Michelle A. Albert, MD, MPH: Structural racism

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The Daily News spoke with session co-moderator Michelle A. Albert, MD, MPH, about the public health crisis caused by longstanding structural racism in the United States. Dr. Albert is co-moderating an American Heart Association and Association of Black Cardiologists session 9-10 a.m. Saturday, Nov. 14 about the subject. Dr. Albert is professor of medicine and admissions dean at the University of California at San Francisco School of Medicine. She’s also the director of the Center for the Study of Adversity and Cardiovascular Disease (NURTURE Center).

Michelle A. Albert, MD, MPH

Q: How do you define structural racism?

Dr. Albert: I think of structural racism as racial discrimination that is embedded in processes that are linked to consequential outcomes, such as employment, that prevent people from achieving whatever they define as their success, while also preferentially advantaging other persons.

Q: Why is structural racism a public health crisis?

Dr. Albert: It is a public health crisis because it impedes access to quality health care based on race, ethnicity and socioeconomic status. It also encumbers the achievement of health care workers in their employment and economic circumstances based on race and ethnicity.

Q: How has the COVID-19 pandemic affected the health crisis of structural racism?

Dr. Albert: COVID-19 has amplified longstanding health, employment and social inequalities. The COVID-19 pandemic and the racism pandemic both provide an opportunity to finally address longstanding health care inequities based on race, especially for Black people.

Q: The session features two presentations: David R. Williams, PhD, MPH, chair of the Department of Social and Behavioral Science at the Harvard T.H. Chan School of Public Health, will present on the science of racism; Lisa A. Cooper, MD, MPH, Bloomberg Distinguished Professor at Johns Hopkins University, will explore reforming the health care workforce. What insights can the audience expect to hear from these experts?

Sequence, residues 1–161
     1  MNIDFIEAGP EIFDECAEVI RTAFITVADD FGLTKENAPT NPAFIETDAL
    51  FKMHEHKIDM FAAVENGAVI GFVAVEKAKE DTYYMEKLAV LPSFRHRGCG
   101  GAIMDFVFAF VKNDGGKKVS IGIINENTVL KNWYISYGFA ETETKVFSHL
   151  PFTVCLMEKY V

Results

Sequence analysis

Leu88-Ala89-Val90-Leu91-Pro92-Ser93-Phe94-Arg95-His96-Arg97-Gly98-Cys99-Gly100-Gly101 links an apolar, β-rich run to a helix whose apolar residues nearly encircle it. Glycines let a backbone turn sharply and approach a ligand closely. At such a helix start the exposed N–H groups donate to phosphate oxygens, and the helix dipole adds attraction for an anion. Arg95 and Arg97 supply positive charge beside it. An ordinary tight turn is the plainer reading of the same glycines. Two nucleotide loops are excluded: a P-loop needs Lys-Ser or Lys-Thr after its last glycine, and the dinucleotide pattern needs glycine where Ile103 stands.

Dr. Albert: Dr. Williams will discuss the historical embedding of racial discrimination — which patterns present-day disadvantaged housing, health, employment and educational opportunities and outcomes for people of color, particularly Black people  over time. He will also discuss how social determinants of health result in poorer health outcomes.

Dr. Cooper’s talk will  address the needs in the health care workforce. We have this broken pipeline in the health care workforce that is largely dictated by longstanding structural discrimination. She will also explore potential solutions.

Q: The talks will be followed by a discussion from a panel of experts representing hospital  executive leadership, education, industry, public policy and research. Tell us about the panel and what to expect.

Dr. Albert: There will be few other stages where you will find the level of expertise that we will have discussing these issues. A lot of times when people talk about discrimination or structural racism, it’s a pundit. The people on this stage are true experts on this subject. They are the real deal; they are not just reading a book and speaking about it. Their life work has been committed to improving health equity by addressing structural discrimination.